Half a century of Indo-Bangla ties moving forward
Yesterday was the historic day of the 49th anniversary of India's official recognition of Peoples Republic of Bangladesh. On this day in 1971 India and Bhutan accorded diplomatic recognition to sovereign Bangladesh. As our War of Liberation was fast reaching its climax during those tumultuous December days in 1971, India following Bhutan became the second country to have joined us in our struggle for freedom. And it heralded the independence of Bangladesh crushing the Pakistan occupation army on December 16, 1971, ending the nine months of War of Liberation.
In the past 49 years bilateral ties between the two countries have strengthened based on mutual and strategic interests. In terms of people-to-people contact and regional tourism the two countries have become indispensable partners for one another. However, in the midst of all accomplishments there still remain a number of unresolved issues which now have begun to be discussed with a firm commitment from Indian side.
The Indian Foreign Secretary Harsh Vardhan Shringla's surprise visit to Dhaka in August was a clear indication that India was taking its most important regional ally with an added value. Additionally, the new Indian High Commissioner to Bangladesh, after assuming office in early October, has shown dynamism and firm commitment to take the bilateral ties to the next stage.
In particular, we appreciate High Commissioner Vikram K Doraiswami's pro-active approach to fill
in the gaps. Especially on the topics of emergency visa for critical patients, steady export of onions, enhancing trade and commerce through utilizing river, railway, and road communications, stronger friendship with Indian north-eastern states. Mr. Doraiswami has been free and frank forward. Most importantly, he has arrived at a critical time by launching his diplomatic innings to ensure fastest possible partnership with Bangladesh on all aspects of C-19 vaccine development. He has already met a number of high profile government ministers and bureaucrats to locate the missing links within our existing ties and work on them based on mutual interests.
It was rather interesting to follow that unlike previous Indian diplomats, entering Bangladesh by air to assume office, Mr. Doraiswami entered through a land port -- signifying India's foreign policy priority on the connectivity links. He arrived in Dhaka on October 5 through Tripura border. Additionally, he has also assured to complete unfinished joint projects to enhance connectivity between the two countries.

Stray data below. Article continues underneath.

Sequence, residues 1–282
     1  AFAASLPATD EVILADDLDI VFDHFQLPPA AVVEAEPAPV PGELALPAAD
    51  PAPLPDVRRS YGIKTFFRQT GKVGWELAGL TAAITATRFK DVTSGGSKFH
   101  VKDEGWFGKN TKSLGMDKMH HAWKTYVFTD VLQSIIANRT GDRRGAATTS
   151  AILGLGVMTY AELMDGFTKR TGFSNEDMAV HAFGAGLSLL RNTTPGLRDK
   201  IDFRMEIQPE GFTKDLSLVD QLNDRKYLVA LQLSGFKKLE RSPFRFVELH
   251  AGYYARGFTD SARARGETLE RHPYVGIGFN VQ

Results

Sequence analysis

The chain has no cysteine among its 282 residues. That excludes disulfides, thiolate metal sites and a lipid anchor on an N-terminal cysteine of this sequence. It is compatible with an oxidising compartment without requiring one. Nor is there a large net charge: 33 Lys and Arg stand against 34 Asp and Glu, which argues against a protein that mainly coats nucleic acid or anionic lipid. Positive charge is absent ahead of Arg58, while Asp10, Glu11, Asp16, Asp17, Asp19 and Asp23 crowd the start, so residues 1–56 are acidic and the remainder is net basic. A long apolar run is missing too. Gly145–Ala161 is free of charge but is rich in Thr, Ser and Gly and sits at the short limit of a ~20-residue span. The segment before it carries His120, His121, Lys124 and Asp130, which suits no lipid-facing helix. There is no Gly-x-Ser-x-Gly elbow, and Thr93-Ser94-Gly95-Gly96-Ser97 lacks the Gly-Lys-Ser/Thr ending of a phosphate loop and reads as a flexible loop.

Diplomacy is indeed a sophisticated art where rooms for exploring innovative techniques to boost up bilateral ties are always open. Diplomats have to adapt to a fast-changing international political environment. In addition, we now have a global pandemic pressed by financial crises.
Arrival of the new envoy also coincides when Bangladesh is celebrating 'Mujib Borsho', the birth centenary anniversary of our Father of the Nation Bangabandhu Sheikh Mujibur Rahman, while preparing for the golden jubilee of the country's independence next year, which also marks the 50th anniversary of diplomatic ties between Bangladesh and India. On that note - we have deeply appreciated the new Indian envoy's unveiling of three special edition wristwatches marking the birth centenary of Bangabandhu Sheikh Mujibur Rahman. The watches made by Titan, a concern of the Tata group in India, contains the portrait and signature of Bangabandhu on the dials.
It may appear a small event, but in the long run the timepieces will find their places in the hands of many -- celebrating the 'Mujib Year' from the lenses of innovative diplomatic ties beside only telling time.
We admire the new Indian envoy's sincerity in his own words, in his maiden meeting with the media he said "I recognise that even the closest of relationships need to be nurtured. My government has ordered me to do exactly that."
The Bangladesh-India relationship is based on shared sacrifice, history and culture, and on the uniquely close ties of kinship, correctly enough it needs continuous deep and heartfelt nurturing. The two countries have repeatedly proven that Indo-Bangla ties are beyond strategic relations.
We are eagerly awaiting the virtual meeting between the Bangladesh and Indian PM on December 17, and optimistically expect to see unresolved and disputed issues are appropriately addressed based on mutual benefits at the summit level talks.
Under the tenure of Mr. Doraiswami we expect to witness a win-win approach from India's side - treat all negotiations with Bangladesh with a frame of mind - seeking to achieve a win-win agreement. That said, our bilateral agreements should not only be acceptable but sustainable, but more importantly would also benefit the other party. It should be reciprocated from both sides.
Triggered by the pandemic, modern diplomacy is currently experiencing fundamental changes at an unprecedented rate, and these changes are affecting the very character of diplomacy as we know it. These changes also affect aspects of domestic and international politics that were once of no great concern to diplomacy. However, it has become clear from the India High Commissioner's frequent wide-ranging public and media engagement in Bangladesh.
Vikram Doraiswami has arrived not only to heal 'unintentional wounds', but also to ensure the traditional and historical ties between the two close neighbours remain unharmed. Given Mr Doraiswami's extensive and wide ranging diplomatic experience in various countries, we are confident of further sustainable ties with our traditional ally and biggest next door neighbour- India.